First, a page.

On Friday, the Northern California judge handling the closely watched Epic Games v. Apple court case turned in a ruling that, in many ways, works out in Apple’s favor—but with one massive, App Store-changing exception.
The ruling from US District Judge Yvonne Gonzalez Rogers includes a single-page permanent injunction demanding that Apple open up payment options for any software sellers on the App Store. In other words, Epic Games’ effort to add Epic-specific payment links inside the free-to-play game Fortnite, and thus duck out of paying Apple’s 30 percent fee on in-app transactions, can now happen.
The injunction is aimed at Apple, not Epic, and tells the device and software manufacturer to no longer prevent developers from including their own direct-buy links within their apps. Apple also cannot prevent app-makers from communicating with customers via any method customers opt in to (i.e. an email newsletter) about purchasing options. Apple has 90 days from today, September 10, 2021, until this injunction becomes live and actionable.
Not an antitrust violation
The giant 185-page ruling opens by making clear that one of the larger allegations of the lawsuit, that Apple engaged in antitrust behavior, doesn’t quite pass muster. Apple has pointed to this detail in its own statement on the ruling:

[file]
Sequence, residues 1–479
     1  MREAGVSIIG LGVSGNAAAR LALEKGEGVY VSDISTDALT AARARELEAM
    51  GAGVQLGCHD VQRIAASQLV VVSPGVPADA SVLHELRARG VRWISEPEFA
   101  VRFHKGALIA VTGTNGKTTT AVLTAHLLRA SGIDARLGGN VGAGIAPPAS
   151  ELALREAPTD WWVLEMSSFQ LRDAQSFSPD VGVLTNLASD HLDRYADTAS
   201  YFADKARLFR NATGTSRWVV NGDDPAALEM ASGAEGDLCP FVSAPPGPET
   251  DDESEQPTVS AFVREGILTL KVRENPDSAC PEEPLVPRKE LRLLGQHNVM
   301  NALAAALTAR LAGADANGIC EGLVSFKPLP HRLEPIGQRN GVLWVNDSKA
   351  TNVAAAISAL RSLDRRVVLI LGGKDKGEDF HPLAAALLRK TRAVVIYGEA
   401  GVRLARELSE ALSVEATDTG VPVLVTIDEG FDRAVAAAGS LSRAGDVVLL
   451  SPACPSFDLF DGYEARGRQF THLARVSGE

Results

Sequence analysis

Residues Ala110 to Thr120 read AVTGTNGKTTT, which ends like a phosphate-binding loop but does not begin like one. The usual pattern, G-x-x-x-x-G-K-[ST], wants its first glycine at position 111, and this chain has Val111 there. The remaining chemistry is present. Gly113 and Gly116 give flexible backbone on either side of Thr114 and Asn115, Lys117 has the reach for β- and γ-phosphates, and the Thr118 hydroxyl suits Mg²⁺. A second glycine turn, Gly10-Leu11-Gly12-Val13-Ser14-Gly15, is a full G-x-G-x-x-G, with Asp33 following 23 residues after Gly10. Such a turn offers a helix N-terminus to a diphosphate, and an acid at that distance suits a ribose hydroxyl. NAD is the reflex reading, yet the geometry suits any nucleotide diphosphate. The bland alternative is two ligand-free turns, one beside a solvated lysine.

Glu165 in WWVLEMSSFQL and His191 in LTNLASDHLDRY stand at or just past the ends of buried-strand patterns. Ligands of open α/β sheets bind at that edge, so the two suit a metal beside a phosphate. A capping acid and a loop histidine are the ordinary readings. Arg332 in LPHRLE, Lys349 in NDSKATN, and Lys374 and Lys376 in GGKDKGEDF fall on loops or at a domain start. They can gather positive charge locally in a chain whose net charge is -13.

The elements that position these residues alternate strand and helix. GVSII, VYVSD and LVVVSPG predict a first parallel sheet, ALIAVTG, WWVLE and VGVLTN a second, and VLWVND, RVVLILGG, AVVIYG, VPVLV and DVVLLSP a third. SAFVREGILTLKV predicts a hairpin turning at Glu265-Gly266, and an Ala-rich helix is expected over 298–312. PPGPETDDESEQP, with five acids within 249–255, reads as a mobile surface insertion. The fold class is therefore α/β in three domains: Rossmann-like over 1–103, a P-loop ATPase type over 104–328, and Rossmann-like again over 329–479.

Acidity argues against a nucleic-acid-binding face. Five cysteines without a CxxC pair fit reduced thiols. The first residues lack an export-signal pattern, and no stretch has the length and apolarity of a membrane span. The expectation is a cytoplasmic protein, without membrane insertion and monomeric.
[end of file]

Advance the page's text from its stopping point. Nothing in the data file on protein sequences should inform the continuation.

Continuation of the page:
Today, the court has affirmed what we’ve known all along: the App Store is not in violation of antitrust law. As the court recognized, “success is not illegal.” Apple faces rigorous competition in every segment in which we do business, and we believe customers and developers choose us because our products and services are the best in the world. We remain committed to ensuring the App Store is a safe and trusted marketplace that supports a thriving developer community and more than 2.1 million U.S. jobs, and where the rules apply equally to everyone.
While Epic Games’ general stance about payment options on the App Store has succeeded, leading to the injunction, Epic itself faces consequences due to the court not finding Apple in breach of contract. In particular, Epic must pay damages to Apple to make up for the 30 percent cut of Fortnite in-app purchases that would have been paid by Epic to Apple in the first place, had Fortnite not instituted its own payment model for three months in 2020. That amount alone is $3.65 million, and the ruling mentions other damages as well.
Additionally, because Apple’s decision to cut off Epic Games’ developer account within the Apple ecosystem was, according to the ruling, “valid, lawful, and enforceable,” Apple can continue to not let Epic Games return to the App Store as a licensed and approved developer.